Trains.com

Metro North, 6 dead

20344 views
372 replies
1 rating 2 rating 3 rating 4 rating 5 rating
  • Member since
    July 2008
  • 2,325 posts
Posted by rdamon on Thursday, February 19, 2015 5:41 AM

I think a small $500 fine under "Do not stop on tracks" would work in the same way it curbed littering.

  • Member since
    May 2005
  • From: S.E. South Dakota
  • 13,567 posts
Posted by Murphy Siding on Thursday, February 19, 2015 7:11 AM

schlimm
 

 

 
Murphy Siding
Shouldn't you have used a ';'  instead of a ';' after the word own? 

 

In a word, "No."   A semi-colon would preceed a clause, not a mere phrase.  https://writing.wisc.edu/Handbook/Semicolons.html

"A semicolon is most commonly used to link (in a single sentence) two independent clauses that are closely related in thought.".

 

Fair enough; apology accepted.

Thanks to Chris / CopCarSS for my avatar.

  • Member since
    January 2002
  • From: Canterlot
  • 9,533 posts
Posted by zugmann on Thursday, February 19, 2015 11:45 AM

My sign idea.

 

Know those light-up signs (example: [NO TURN ON RED] ) that only come on under certain circumstance?

 

Maybe we need one of those on the crossing that lights up  [GET OFF THE TRACKS!] when the crossing activated.

  

The opinions expressed here represent my own and not those of my employer, any other railroad, company, or person.

  • Member since
    July 2006
  • 9,610 posts
Posted by schlimm on Thursday, February 19, 2015 12:07 PM

zugmann

My sign idea.

 

Know those light-up signs (example: [NO TURN ON RED] ) that only come on under certain circumstance?

 

Maybe we need one of those on the crossing that lights up  [GET OFF THE TRACKS!] when the crossing activated.

 

Maybe the idea of a traffic signal (traffic light) that turns yellow and red in conjunction with the gates.  Yellow to warn, then red, gates start to descend.  I have seem those at level crossings in Germany where the road is more than a rural, farmer's crossing.  They seem to work well enough.  Plenty of warning, the police have remote cameras in place and the fine for running it is very, very steep: 240-700 Euros (up to $800)and license suspension up to 3 months, which makes folks take it seriously since you are always ticketed. 

C&NW, CA&E, MILW, CGW and IC fan

  • Member since
    May 2003
  • From: US
  • 25,009 posts
Posted by BaltACD on Thursday, February 19, 2015 12:12 PM

Remember - we are dealing with the human animal

https://www.youtube.com/watch?v=6syBu8KjcIQ

Never too old to have a happy childhood!

              

  • Member since
    July 2006
  • 9,610 posts
Posted by schlimm on Thursday, February 19, 2015 12:30 PM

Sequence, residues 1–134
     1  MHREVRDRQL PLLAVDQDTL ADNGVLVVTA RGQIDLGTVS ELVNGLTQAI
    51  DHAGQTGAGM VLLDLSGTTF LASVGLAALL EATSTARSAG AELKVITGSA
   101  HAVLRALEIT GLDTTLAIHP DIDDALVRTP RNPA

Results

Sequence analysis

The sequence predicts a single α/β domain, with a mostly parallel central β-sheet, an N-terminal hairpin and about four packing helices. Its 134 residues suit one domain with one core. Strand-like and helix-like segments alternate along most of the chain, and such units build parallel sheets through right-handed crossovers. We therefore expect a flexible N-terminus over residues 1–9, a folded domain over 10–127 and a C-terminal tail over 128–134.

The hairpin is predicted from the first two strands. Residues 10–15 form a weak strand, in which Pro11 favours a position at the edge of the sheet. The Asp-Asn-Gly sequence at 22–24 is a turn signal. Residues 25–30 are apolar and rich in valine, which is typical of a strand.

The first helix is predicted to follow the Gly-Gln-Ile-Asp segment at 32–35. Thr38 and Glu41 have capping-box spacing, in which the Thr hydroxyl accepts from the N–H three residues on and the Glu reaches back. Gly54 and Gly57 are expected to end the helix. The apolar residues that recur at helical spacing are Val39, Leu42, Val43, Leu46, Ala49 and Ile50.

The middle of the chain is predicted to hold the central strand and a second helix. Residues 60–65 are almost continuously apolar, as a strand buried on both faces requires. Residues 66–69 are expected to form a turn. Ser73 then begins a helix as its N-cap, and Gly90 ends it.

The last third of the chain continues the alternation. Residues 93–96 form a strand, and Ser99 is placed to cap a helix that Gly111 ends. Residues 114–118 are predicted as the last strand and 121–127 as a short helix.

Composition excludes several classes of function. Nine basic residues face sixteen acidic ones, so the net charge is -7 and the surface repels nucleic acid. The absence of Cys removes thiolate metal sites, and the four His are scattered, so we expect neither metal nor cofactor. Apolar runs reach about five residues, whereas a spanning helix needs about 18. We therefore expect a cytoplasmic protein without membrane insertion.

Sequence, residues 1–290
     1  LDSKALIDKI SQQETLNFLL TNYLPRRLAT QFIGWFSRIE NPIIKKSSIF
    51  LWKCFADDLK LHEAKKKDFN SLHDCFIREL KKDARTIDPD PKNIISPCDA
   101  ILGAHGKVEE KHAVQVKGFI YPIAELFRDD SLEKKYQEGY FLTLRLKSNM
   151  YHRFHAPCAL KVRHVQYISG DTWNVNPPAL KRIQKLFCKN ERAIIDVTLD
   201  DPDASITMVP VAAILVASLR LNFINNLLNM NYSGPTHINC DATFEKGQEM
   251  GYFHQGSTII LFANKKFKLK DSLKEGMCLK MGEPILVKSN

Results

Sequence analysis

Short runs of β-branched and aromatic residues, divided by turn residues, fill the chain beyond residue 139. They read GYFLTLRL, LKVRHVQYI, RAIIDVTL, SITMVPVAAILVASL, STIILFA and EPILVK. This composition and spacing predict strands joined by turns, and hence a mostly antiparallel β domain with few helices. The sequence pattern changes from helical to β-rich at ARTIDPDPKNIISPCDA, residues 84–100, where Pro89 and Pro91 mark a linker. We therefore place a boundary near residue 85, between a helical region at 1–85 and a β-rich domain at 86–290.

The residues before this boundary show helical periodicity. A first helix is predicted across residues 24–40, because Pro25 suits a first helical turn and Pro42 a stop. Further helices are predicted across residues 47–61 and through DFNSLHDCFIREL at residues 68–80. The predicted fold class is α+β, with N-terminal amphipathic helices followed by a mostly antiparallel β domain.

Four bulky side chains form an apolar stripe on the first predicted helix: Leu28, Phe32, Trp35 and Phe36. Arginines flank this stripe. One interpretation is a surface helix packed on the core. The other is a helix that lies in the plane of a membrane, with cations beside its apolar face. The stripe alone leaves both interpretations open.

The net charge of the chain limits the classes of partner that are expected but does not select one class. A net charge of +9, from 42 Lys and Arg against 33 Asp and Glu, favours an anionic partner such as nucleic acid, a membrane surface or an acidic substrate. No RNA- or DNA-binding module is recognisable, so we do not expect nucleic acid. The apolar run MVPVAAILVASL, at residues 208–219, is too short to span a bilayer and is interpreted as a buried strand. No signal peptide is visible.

Yes, the human animal. Basic learning theory gives us the solution to the problem,  A rat or even much more primitive species, even American drivers can be conditioned.  You just have to make the consequences of doing the wrong thing aversive enough and certain to be inflicted during the learning period, with plenty of cues (warnings).  Seems simple and cheap enough to implement here.  Why not?  Unless some folks prefer to have fatal grade crsooing accidents occur frequently.  Of course there are some situations with some folks that nothing will prevent, but those are outliers, maybe <5% (suicides, drunk, drugs, mentally disturbed).

C&NW, CA&E, MILW, CGW and IC fan

  • Member since
    July 2010
  • From: Louisiana
  • 2,297 posts
Posted by Paul of Covington on Thursday, February 19, 2015 12:57 PM

schlimm
 

Maybe the idea of a traffic signal (traffic light) that turns yellow and red in conjunction with the gates.  Yellow to warn, then red, gates start to descend.

 

    I've been thinking along these lines.   Since most drivers seem to condition their minds to react to common events like traffic lights, then turn off their thinking, if you put up standard-looking red/yellow/green traffic lights, they will more readily respond to them.   Railroad crossings are uncommon experiences, and when drivers do cross them, most of the time there is no train.

_____________ 

  "A stranger's just a friend you ain't met yet." --- Dave Gardner

  • Member since
    May 2005
  • From: S.E. South Dakota
  • 13,567 posts
Posted by Murphy Siding on Thursday, February 19, 2015 1:06 PM

schlimm

Yes, the human animal. Basic learning theory gives us the solution to the problem,  A rat or even much more primitive species, even American drivers can be conditioned.  You just have to make the consequences of doing the wrong thing aversive enough and certain to be inflicted during the learning period, with plenty of cues (warnings).  Seems simple and cheap enough to implement here.  Why not?  Unless some folks prefer to have fatal grade crsooing accidents occur frequently.  Of course there are some situations with some folks that nothing will prevent, but those are outliers, maybe <5% (suicides, drunk, drugs, mentally disturbed).

 

  Isn't that what we already have?  What consequences could be more averse  than possible death?  And-plenty of cues?  Like warning lights, bells, crossbuck signs, gates, arms, horns, ditch lights etc..?  I understand that there is a need to improve safety at crossings.  Why are we talking about making it harder for a train to hit a car?  Shouldn't we talking about how to make car drivers better able to keep from putting themselves in harm's way?


pssst.. I think you spelled crsooing wrong; just sayin'... Whistling


Thanks to Chris / CopCarSS for my avatar.

  • Member since
    January 2002
  • From: Canterlot
  • 9,533 posts
Posted by zugmann on Thursday, February 19, 2015 1:08 PM

People block intersections with traffic lights all the time.  So they stop on the tracks when the light is green, the light turns red, and they still sit on the tracks and get hit by the train. 

I don't think it would have made a bit of difference in this wreck.